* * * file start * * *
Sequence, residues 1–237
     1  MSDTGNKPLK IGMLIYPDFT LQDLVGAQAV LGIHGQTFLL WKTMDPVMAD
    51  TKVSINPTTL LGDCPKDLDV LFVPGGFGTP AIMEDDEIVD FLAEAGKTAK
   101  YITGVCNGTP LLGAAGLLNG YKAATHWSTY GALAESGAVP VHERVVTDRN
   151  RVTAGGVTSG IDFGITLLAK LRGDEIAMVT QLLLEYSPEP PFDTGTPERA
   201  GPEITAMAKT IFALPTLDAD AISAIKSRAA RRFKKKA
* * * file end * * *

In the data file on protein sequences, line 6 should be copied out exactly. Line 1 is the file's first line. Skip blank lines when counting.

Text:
   201  GPEITAMAKT IFALPTLDAD AISAIKSRAA RRFKKKA